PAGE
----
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Friendship comes before history

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MIAMI — Today’s Super Bowl XLI will not be just a historical
game between the first two of African-American head coaches to face each
other in the big game for the first time.

Bears coach Lovie Smith and Colts coach Tony Dungy Bears
coach Lovie Smith (left) and Colts coach Tony Dungy were friends long
before Sunday’s Super Bowl, and they will stay that way regardless of
the outcome, the men say.
AP PHOTO

Also, it’ll be an emotional match between close friends who
see each other standing on opposing sidelines.

The Indianapolis Colts’ Tony Dungy and his former coach Lovie
Smith, who led the Chicago Bears to their first Super Bowl appearance in
21 years, have been buddies with mutual respect for each other as well
as a mentor-and-pupil relationship.

Their first meeting was during Dungy’s tenure with the Tampa
Bay Buccaneers, where he was head coach.

In 1996, he interviewed some eight candidates for an
assistant coaching job, and Smith was one of them.

“One of the first interviews that we did, I had a chance to
meet him, and I was just blown away in 15 minutes,” said Dungy, who was
at Tampa from 1996-2001, on Friday, “by not only his football knowledge
and understanding of the game, but just his approach.

“And I knew he was going to be a great teacher and a guy that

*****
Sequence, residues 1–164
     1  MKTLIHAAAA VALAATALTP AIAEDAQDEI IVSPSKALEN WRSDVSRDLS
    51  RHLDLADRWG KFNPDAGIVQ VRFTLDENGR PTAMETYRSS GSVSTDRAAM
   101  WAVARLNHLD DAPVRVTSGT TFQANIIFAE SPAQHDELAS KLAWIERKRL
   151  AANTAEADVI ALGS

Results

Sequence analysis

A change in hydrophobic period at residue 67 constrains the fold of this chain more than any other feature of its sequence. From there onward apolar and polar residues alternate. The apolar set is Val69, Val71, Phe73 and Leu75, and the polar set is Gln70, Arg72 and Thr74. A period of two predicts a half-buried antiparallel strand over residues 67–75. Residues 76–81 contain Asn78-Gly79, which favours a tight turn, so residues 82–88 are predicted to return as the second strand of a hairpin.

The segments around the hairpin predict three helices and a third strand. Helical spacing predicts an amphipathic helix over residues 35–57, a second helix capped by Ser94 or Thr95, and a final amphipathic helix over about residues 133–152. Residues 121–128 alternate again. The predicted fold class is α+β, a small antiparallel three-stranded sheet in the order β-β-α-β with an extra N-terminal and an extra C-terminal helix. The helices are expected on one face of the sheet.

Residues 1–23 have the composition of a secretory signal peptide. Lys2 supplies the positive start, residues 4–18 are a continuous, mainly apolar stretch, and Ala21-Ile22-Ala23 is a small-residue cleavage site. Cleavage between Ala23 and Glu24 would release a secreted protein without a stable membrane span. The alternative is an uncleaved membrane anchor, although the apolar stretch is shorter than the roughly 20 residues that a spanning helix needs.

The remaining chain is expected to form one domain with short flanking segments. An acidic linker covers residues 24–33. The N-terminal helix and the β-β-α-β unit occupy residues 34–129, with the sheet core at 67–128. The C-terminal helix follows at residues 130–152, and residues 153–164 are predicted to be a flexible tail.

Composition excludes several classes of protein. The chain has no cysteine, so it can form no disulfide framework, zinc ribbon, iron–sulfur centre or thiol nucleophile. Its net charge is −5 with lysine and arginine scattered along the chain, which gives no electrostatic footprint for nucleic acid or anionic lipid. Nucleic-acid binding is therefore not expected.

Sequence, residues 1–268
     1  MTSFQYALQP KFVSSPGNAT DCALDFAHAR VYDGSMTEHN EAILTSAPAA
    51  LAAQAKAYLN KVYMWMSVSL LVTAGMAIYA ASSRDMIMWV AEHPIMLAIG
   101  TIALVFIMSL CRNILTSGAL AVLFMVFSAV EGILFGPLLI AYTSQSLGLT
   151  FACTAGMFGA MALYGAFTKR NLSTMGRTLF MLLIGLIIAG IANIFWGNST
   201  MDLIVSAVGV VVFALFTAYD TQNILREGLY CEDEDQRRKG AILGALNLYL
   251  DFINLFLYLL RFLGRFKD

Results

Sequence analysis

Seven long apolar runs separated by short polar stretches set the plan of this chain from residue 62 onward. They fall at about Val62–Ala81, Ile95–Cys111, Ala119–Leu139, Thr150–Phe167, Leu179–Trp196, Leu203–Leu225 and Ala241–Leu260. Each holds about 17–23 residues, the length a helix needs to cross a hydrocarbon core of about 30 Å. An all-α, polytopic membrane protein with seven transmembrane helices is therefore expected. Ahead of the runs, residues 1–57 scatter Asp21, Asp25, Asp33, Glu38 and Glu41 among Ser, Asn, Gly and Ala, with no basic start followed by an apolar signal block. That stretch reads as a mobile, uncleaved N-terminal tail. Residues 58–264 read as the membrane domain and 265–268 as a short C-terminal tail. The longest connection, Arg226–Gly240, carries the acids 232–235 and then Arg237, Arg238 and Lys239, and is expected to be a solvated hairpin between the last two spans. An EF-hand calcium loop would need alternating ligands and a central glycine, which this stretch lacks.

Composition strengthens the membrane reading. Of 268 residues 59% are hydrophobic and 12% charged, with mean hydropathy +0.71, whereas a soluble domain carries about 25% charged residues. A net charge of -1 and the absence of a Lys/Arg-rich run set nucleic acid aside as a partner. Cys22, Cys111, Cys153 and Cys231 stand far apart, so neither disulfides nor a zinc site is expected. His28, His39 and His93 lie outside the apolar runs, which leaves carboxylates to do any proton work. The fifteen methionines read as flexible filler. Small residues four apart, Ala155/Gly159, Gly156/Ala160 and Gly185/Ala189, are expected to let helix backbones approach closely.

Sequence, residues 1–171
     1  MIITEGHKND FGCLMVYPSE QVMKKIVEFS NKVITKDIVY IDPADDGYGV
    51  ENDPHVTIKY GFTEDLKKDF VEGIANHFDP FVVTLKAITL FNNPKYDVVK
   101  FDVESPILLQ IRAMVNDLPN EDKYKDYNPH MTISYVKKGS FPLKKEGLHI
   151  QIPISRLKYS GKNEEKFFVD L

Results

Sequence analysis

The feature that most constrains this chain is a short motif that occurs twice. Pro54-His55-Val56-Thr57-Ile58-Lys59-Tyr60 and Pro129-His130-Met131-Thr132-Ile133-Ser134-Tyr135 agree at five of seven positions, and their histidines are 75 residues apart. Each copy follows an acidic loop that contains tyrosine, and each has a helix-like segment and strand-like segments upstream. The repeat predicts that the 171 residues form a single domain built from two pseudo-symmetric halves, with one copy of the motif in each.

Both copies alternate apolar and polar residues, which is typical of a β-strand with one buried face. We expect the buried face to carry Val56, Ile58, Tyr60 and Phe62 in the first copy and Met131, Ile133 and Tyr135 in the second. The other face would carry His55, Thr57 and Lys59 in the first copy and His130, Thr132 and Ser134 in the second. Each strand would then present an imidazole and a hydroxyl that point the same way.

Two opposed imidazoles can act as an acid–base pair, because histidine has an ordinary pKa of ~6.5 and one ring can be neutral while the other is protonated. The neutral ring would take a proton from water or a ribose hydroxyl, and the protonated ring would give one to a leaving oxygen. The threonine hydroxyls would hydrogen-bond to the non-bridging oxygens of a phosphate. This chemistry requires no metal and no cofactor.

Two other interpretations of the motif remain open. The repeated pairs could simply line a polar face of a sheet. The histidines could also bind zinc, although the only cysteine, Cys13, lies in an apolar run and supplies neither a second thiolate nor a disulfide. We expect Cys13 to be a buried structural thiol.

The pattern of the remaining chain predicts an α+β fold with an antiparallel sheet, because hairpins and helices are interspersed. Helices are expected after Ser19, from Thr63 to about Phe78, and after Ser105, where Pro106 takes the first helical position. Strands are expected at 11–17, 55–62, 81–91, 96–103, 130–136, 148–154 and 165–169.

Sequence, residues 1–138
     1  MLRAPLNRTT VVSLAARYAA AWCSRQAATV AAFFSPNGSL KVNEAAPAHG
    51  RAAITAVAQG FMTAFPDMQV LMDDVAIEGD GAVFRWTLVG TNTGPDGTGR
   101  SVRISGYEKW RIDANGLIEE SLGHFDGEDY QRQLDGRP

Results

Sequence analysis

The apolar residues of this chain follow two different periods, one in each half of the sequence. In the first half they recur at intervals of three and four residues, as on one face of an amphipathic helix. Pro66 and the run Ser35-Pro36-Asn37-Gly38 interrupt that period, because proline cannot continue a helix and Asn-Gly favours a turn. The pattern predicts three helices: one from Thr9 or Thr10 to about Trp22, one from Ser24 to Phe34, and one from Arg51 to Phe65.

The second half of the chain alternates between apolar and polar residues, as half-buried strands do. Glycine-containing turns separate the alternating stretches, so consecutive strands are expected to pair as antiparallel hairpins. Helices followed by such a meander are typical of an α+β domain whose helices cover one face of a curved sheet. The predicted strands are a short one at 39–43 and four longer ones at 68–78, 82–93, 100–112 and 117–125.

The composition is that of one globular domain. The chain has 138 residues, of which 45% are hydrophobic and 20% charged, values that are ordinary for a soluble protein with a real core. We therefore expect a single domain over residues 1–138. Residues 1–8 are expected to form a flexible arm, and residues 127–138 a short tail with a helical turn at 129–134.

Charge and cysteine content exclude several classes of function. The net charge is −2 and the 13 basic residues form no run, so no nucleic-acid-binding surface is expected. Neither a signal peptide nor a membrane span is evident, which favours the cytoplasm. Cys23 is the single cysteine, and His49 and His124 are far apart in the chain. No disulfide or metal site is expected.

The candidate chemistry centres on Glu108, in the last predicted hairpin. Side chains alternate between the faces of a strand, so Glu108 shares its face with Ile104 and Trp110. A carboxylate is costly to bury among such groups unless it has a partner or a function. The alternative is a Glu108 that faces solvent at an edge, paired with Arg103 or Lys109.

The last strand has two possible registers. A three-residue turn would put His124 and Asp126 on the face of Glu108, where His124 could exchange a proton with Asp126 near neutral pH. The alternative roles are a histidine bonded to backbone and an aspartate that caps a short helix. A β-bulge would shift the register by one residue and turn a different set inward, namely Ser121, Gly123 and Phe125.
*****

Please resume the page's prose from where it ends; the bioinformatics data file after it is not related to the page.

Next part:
can relate to players and would get people to play their
best.

“I just felt here was a guy who thought very similar to me in
terms of your goal of making people better players, but also better
people. I knew he’d be concerned about the players that he coached off
the field as well as on the field, and I knew there wouldn’t be a guy
who would get a chance to play for him that wouldn’t benefit from
playing for him.

“So after about 30 minutes of the interview, it was a pretty
easy decision. And he’s been above and beyond what I imagined at that
time.”

Then Smith, who started his coaching career at the University
of Tulsa in 1983, was hired by Dungy and the Buccaneers as linebackers
coach, and it became his first NFL job.

Smith left Tampa after the 2000 season, and Dungy was fired
by the ballclub after the 2001 season before going to
Indianapolis.

Smith said that he absorbed so many things from Dungy while
working for him. They weren’t necessarily technical and strategic bits,
Smith said, and he really appreciates it, saying Dungy helped him to be
where he is right now.

“I was able to get from him as a man, as a person, how you
deal with people,” he said.

On Friday, both coaches held their final official news
conference before Sunday. Both coached posed together with the Vince
Lombardi Trophy for the first time leading up to the Super
Bowl.

But today’s game will not be about fanfare to renew their old
friendship. It is the most serious competition for those who play in the
NFL.

Asked if their relationship affects in the game, Smith said,
“whenever you get into sports in general, whether you’re playing,
whether you’re coaching, there’s going to be a winner and a
loser.

“I think in time, you have an opportunity to win, but any
given day, there’s one winner, and that just goes with the territory. We
realize that.”

No matter who wins, however, their relationship will be
everlasting.

“Tony and I will be friends long after Super Bowl Sunday, and
we’re going to share a lot of things together later on,” Smith
said.